Back in 1980 the Hunt Brothers helped drive up the price of silver by attempting to corner the market before the CFTC came in and changed the rules. Now that same agency is doing the opposite by allowing the banking cartel to summarily suppress prices without intervening to stop the manipulation.
But as with all markets and asset classes artificially controlled by a small group of players (often called a Monopoly in financial terms), the consequences usually result in extremes… as seen with the silver price nearly hitting $50 per ounce 48 years ago, and today that same metal now being held down an estimated $250 – $500 below what it would be if adjusted for inflation.
Depending on the gold/silver ratio used gives a broad array of inflation adjusted silver prices. The tables below shows the currency/gold ratio and the corresponding silver price using a gold/silver ratio of 40, 25 and 15. The gold/silver ratios of 40, 25, and 15 were chosen because when the gold price equaled the currency/gold ratio in 1983 the gold/silver ratio was 38. In 1979, when the gold price equaled the currency/gold ratio, the gold/silver ratio was 23. Finally, in 1980, when the gold price was 214% higher than the gold/currency ratio the gold/silver ratio was 15. – Seeking Alpha
So with this in mind the only question that remains is, what will happen to the price when the manipulation either stops voluntarily, or is forced upon the cartel when supply reaches near zero? And that move towards dangerously low levels of supply is coming upon us very fast.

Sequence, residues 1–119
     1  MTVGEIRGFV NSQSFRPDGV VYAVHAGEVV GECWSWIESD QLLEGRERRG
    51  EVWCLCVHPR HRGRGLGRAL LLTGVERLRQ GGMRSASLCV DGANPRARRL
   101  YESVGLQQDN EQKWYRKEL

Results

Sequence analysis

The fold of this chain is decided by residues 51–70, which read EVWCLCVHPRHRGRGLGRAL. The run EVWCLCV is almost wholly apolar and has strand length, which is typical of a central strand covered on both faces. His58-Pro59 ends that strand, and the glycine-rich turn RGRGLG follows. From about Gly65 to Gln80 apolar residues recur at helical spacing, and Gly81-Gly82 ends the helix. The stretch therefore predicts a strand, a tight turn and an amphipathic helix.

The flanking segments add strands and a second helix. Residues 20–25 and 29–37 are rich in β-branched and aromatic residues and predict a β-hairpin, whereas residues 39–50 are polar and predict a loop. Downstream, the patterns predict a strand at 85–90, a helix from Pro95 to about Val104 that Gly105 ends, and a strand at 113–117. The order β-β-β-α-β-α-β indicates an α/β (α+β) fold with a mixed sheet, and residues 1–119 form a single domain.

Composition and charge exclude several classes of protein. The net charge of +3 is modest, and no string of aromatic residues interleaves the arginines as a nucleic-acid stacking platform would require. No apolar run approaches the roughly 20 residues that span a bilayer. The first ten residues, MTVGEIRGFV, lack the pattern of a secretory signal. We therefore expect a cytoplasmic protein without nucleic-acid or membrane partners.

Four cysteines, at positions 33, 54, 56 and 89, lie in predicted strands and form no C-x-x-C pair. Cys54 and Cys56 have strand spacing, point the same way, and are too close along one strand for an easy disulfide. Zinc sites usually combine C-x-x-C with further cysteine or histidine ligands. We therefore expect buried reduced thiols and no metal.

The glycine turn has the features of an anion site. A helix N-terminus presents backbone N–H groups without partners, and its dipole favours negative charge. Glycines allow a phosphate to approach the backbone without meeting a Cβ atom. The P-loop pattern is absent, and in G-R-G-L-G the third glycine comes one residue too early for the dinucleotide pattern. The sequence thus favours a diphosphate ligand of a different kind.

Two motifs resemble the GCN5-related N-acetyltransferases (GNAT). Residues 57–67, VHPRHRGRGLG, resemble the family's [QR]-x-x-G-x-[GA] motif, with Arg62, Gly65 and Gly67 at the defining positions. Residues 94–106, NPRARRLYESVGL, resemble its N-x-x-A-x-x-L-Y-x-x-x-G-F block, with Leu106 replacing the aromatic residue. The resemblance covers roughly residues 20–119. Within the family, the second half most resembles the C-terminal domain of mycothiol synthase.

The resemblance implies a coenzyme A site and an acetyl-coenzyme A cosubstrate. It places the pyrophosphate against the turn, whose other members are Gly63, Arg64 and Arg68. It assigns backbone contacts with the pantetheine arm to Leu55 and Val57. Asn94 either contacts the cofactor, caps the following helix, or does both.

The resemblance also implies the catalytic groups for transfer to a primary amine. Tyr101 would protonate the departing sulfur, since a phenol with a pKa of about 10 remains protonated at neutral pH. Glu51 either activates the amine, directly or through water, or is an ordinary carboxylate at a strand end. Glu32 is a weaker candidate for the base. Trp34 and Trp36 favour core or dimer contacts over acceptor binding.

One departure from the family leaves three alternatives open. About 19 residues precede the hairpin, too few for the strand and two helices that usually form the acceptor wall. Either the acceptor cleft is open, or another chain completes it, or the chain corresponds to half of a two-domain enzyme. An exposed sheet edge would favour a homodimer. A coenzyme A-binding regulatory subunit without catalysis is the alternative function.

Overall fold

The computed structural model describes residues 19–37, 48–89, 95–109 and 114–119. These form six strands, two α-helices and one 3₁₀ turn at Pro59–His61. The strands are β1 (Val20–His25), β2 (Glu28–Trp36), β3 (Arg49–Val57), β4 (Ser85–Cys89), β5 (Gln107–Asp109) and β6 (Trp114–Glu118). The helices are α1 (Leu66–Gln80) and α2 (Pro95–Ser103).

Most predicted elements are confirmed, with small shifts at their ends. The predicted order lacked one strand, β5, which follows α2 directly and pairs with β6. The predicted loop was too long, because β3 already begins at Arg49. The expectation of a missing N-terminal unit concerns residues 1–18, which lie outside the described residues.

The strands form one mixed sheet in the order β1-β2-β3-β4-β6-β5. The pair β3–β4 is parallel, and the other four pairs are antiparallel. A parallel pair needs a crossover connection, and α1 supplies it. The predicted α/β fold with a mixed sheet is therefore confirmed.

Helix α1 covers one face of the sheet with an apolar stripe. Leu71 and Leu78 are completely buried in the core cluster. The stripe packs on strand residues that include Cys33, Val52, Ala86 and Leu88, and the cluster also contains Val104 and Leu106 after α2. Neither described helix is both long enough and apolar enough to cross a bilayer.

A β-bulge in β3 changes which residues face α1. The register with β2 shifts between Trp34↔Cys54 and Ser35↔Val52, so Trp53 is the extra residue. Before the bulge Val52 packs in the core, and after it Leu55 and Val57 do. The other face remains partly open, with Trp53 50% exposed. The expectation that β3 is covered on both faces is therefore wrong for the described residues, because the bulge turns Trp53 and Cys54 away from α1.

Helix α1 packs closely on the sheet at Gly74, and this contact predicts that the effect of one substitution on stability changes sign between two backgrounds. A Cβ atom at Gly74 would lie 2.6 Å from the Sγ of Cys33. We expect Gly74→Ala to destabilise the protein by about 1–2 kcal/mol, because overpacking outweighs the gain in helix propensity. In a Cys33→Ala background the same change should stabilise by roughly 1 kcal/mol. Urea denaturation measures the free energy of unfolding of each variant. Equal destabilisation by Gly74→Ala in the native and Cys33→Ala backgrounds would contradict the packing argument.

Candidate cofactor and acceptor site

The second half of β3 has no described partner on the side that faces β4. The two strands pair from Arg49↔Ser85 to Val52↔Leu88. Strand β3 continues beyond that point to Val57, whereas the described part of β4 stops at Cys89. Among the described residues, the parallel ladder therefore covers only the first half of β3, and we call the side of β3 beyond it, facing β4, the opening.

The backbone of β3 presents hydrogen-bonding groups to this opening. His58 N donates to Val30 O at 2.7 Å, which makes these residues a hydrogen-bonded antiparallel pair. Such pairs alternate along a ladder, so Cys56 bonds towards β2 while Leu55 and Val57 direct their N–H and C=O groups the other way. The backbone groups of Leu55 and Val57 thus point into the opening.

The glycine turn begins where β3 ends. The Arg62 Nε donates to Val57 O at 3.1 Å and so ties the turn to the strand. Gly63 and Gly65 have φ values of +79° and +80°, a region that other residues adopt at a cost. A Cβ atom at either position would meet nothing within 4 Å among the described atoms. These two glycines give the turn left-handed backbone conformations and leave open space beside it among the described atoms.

Central banks remain noted gold buyers and there are signs of demand picking up in India, says Standard Chartered Bank. Goldprices have fallen lately, which the bank blames on U.S. dollar strength. “Physical demand will be key to tracking how solid the floor for prices is, but in the seasonally slow period for demand, it will likely be fragile,” Standard says. “The exception here is potential demand growth in Turkey amid political and economic uncertainty. In an environment lacking strong investment demand, physical demand sets the price. But not everyone is selling gold – central banks added to reserves in May, demand in India has shown signs of life, and risk reversals suggest there is some hesitant appetite to establish long positions.” Gold prices started to edge lower in May and India’s gold imports rose by 36% that month compared to April, Standard says. Imports were down 31% year-on-year. However, Standard says, “If demand does pick up significantly counter-seasonally, inventory will likely be depleted quickly, pushing local premia higher.” Meanwhile, International Monetary Fund data show that central banks continued to add to their gold reserves last month, Standard says. Russia was the largest buyer, adding 18.4 tonnes, taking year-to-date purchases to 89.5 tonnes. –Kitco
Price suppression has made retail sentiment nearly non-existent for gold or silver outside of a few countries like India and China. But since central banks are quietly accumulating it hand over fist, to be of any real use as either a monetary reserve or to back their currencies would mean that prices must be finally allowed to rise, and eventually go to their fair market levels.